LSE Institute of Global Policy
An Eloquent Case for Multilateralism and Urgent Action
Suma Chakrabarti
President of the European Bank for Reconstruction and Development (EBRD)
Suma Chakrabarti
Multilateralism is at risk. Yet, the need for collective action, long-term thinking, and alliances that bridge across parochial interests has never been stronger. But multilateralism has no natural constituents. And it takes brave leaders to speak against the tide sweeping public debates today.

I therefore heartily welcomed the strong message from the G20 Eminent Persons Group (EPG) on Global Financial Governance. The EPG made an articulate and unapologetic call for a well functioning multilateral system, alongside national governments and other actors. In championing the case for bolstering the system, the EPG also conveyed a sense of urgency for action.

To deliver the Sustainable Development Goals (SDGs) by 2030, the multilateral system, in partnership with national governments and the private sector, needs to deliver better, more and faster. This is true especially as the world faces a number of global challenges, climate change being the major one. And Africa, with its fast growing population, and the region most behind on achieving the SDGs, is another priority.

At the same time, the EPG acknowledges that the system needs to adapt to be fit for the challenges and opportunities of the future. And that is also right. The multilateral system is valuable—let us invest in strengthening it.

The EPG has inspired us at the EBRD. We see opportunities to strengthen the system through a number of channels.

One is reinforcing our efforts to mobilise private financing—this must be at the core of the development finance agenda. The EPG elevates this message that EBRD takes to heart. Indeed, working with the private sector is part of EBRD’s DNA and is baked into our business and operating model. Private sector mobilisation is critical, and deepening local capital markets must be seen as integral to this work. The details of how best to scale up mobilisation need further and deeper discussion, and it is important to avoid being tempted by the promise of magic bullets. Creating sustainable markets requires long term, quality investment.

Another point is that financing alone is not enough. From our work on sustainably growing the private sector, we have learned that it requires the still too little incentivised—or recognised—work of implementing policy reforms. EBRD’s policy work and carefully designed activities with the public sector is often key to unleashing opportunities for the private sector. Partner countries need to implement the sometimes-difficult policy reforms to improve the investment climate and unlock opportunities for both foreign and domestic investors.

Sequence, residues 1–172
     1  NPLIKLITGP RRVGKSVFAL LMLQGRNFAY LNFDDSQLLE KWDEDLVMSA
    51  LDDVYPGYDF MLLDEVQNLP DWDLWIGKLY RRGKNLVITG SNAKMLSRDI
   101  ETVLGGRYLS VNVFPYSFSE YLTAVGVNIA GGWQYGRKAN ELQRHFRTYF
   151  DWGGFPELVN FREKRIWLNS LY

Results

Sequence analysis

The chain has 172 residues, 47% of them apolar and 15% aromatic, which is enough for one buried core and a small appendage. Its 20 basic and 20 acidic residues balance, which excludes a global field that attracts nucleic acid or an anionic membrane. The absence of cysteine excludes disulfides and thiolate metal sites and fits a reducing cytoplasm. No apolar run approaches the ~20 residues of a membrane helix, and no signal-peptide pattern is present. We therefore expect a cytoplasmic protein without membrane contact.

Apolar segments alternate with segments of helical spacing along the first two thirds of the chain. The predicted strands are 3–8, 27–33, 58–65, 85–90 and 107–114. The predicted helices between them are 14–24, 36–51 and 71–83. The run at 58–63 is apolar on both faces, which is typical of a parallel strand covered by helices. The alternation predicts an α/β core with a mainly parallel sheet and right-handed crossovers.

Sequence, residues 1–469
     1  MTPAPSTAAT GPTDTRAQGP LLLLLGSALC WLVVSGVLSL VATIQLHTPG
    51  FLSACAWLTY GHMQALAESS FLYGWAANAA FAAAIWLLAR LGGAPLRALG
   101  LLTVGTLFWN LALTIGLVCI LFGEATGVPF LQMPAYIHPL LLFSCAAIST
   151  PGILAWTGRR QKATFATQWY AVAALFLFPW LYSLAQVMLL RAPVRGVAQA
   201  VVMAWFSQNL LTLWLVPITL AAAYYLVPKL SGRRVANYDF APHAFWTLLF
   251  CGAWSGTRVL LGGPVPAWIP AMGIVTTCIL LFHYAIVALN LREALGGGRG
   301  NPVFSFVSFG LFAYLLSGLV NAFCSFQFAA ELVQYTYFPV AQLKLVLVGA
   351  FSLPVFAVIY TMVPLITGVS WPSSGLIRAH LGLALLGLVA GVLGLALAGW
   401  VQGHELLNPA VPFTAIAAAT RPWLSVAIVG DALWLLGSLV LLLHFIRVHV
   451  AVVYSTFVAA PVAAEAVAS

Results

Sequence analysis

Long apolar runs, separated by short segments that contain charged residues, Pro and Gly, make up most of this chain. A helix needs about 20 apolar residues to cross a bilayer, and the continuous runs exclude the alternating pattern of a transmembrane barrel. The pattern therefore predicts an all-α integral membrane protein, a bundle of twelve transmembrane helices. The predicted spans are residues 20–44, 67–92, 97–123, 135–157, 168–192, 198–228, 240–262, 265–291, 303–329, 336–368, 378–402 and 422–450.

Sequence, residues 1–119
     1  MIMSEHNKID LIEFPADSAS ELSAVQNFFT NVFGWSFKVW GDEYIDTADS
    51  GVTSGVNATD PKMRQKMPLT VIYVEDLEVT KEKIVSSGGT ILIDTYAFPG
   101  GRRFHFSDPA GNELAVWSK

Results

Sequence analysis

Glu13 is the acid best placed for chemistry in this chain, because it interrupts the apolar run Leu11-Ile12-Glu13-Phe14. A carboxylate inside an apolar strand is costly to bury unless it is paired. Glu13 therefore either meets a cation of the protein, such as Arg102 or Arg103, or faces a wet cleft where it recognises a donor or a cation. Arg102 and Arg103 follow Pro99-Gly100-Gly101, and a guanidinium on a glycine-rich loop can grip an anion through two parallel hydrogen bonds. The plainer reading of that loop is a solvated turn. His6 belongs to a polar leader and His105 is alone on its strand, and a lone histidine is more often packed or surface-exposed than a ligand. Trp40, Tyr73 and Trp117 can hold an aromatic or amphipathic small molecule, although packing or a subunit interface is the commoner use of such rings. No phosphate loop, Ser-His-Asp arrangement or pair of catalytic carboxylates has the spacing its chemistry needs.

The EPG makes welcome and pointed recommendations on the Multilateral Development Banks (MDBs) working as a system. To deliver on financing and policy reforms, we need to coordinate, both at the country level in full collaboration with national authorities and at an institutional level. The momentum for policy reforms is best driven when development financiers are coherent in their messages to national authorities, and willing to engage in tough and frank discussions. The G20 is rightly promoting country platforms as a mechanism to improve this coordination.

Underpinning operational cooperation amongst the MDBs are strong institutional relationships. Indeed, through EBRD’s chairmanship of the MDB Heads group in 2018, we made sure that the work of MDBs as a system, alongside working with the private sector, was on the agenda for the MDB Heads.

Private sector investment, policy reforms, and coordination across the system are critical to delivering greater impact. But the EPG went a step further, touching on the governance of the whole system as key to its efficient functioning.